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The History Museum aims for grant funding to help preserve archives and artifacts

The History Museum in Great Falls, Montana
The History Museum at 422 Second Street South
Posted at 5:43 PM, Dec 06, 2022

GREAT FALLS — History preserved. - that’s the goal. The History Museum in Great Falls has applied for a $340,000 grant proposal through the State of Montana.

The money will be divvied up and approved during the upcoming legislative session. A biennium system, through the Department of Commerce, under the Montana Historic Preservation Grant. An allotment of $8 million to entities around the state. The opportunity to keep a million of those dollars in the town of Great Falls including submissions from Paris Gibson Square Art Museum and the Rocky Mountain Building.

“The History Museum is the premiere research facility in north central Montana,” said Kristi Scott, director of The History Museum, located at 422 Second Street South.

The History Museum in Great Falls, Montana
David Sherman

Renovations to the archives of the museum are crucial to preserving an overflowing surplus of artifacts.

“These precious artifacts are deserving of appropriate storage, furniture, and moderated temperature control. Otherwise, things like this bucket from the Great Falls Fire Department from back in the 1890s is going to crack and fall apart.”

The three-story building is home to 40,000 artifacts, some of those untouched and sitting in a cold storage room. A cold storage room is better than most options, but isn’t ideal, as some of the most precious items are dated paper. Scott says that paper becomes brittle when sitting in the cold.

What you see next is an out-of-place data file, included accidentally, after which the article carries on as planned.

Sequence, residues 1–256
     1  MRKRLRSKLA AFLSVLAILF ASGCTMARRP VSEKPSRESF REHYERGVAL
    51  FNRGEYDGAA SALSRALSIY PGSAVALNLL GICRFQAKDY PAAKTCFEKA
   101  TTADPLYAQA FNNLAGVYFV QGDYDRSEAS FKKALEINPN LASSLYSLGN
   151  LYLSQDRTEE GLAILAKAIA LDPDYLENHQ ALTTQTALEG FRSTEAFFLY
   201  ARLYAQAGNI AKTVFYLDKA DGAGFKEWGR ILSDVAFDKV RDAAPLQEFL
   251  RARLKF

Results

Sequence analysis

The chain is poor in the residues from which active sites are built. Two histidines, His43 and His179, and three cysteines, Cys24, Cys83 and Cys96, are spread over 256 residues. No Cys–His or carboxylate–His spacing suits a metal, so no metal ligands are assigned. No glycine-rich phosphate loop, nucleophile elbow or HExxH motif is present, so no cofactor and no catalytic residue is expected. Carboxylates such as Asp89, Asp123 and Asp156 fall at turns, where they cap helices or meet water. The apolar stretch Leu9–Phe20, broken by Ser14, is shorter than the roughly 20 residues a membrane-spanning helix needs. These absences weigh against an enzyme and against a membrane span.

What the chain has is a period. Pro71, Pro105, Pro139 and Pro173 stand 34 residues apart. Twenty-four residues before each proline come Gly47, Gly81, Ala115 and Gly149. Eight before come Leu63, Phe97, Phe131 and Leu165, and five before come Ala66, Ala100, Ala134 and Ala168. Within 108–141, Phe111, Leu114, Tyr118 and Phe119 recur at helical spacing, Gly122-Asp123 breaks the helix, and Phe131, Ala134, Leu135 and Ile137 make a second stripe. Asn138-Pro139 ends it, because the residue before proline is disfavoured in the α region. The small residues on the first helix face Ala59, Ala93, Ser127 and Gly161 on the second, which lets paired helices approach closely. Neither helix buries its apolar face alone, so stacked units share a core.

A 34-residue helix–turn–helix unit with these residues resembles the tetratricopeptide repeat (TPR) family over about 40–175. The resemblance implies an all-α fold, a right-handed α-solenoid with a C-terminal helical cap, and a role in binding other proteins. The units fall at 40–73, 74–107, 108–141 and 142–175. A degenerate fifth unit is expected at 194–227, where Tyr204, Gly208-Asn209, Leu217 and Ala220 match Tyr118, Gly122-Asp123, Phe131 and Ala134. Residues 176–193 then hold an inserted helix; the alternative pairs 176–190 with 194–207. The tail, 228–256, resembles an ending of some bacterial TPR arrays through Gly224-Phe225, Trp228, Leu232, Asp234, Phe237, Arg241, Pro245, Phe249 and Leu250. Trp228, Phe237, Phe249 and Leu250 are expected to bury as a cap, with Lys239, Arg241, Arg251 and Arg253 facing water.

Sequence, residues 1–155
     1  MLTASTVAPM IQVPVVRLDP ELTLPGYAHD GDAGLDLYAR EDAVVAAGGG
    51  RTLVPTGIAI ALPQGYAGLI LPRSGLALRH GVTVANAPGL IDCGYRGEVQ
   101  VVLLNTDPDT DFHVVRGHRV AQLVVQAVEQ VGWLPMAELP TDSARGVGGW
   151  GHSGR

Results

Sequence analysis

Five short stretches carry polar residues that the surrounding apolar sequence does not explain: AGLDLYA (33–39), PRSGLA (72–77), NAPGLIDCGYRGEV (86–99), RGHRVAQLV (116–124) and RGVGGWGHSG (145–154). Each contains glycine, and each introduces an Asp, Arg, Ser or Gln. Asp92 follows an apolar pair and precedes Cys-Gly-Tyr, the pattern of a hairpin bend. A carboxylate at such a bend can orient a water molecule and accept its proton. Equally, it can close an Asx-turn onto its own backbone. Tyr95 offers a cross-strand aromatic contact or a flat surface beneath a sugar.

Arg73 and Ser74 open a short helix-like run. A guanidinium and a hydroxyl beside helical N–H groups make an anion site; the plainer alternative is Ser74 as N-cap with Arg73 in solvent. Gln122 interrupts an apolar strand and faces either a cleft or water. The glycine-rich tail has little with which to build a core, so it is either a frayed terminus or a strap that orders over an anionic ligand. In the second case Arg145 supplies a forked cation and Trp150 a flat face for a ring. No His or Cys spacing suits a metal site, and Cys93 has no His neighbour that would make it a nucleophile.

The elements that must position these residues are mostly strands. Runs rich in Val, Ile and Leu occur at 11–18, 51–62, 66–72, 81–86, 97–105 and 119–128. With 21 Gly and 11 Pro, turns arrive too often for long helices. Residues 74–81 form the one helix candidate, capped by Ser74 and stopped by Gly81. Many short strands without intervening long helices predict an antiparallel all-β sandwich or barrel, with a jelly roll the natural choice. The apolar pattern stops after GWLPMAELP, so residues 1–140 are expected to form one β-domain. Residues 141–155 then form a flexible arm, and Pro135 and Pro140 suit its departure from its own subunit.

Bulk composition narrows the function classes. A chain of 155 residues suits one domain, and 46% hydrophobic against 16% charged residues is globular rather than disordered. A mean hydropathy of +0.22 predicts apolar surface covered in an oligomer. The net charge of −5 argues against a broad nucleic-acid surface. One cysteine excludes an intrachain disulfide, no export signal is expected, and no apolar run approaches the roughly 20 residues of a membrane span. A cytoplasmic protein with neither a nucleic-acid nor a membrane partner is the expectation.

The History Museum in Great Falls

If the museum is allotted the requested grant money, they will reach two thirds of the fundraising goal for the entire project, which sums up to about $800,000. Within the project they plan to add new insulation and HVAC equipment to ensure proper temperatures through the harsh months. Along with adding more storage and shelving to organize the surplus. Don’t forget a major addition, to build a “visible vault” that the public can stroll the halls of the museum and see curators documenting, cleaning, and restoring artifacts. The list goes on, but for Scott, she says the museum has a modest renovation approach, but not asking for substantial amounts.

“These precious artifacts are deserving of appropriate storage, furniture, and moderated temperature control. Otherwise, things like this bucket from the Great Falls Fire Department from back in the 1890s is going to crack and fall apart.”

Within the surplus, Scott gave MTN and exclusive look into the archives, pieces that have never been seen by the public, pulling Great Falls Tribune research files that were in the third-floor storage space. Files that contain vital pieces to the area’s history. One of the artifacts was a souvenir program from the Jack Dempsey fight that was held in Shelby.

“This is a perfect example of how we're bursting at the seams. So, when the Tribune reporter researcher files were offered to us, we didn't have room in our protected archives. But when our renovations are finished, these files will move out of cold storage and downstairs.”

It isn’t all about The History Museum in the end, it’s about preserving the past.

“Getting these million dollars towards our projects would be a huge shot in the arm, would be good for our museums, good for our historic buildings, and also good for commerce locally, because you're going to be employing local contractors, whether it's architecture firms, drywall players, HVAC technicians. It goes on and on and on. There's going to be a great ripple effect in the community.”

A community of history, preserving its past for the common good.


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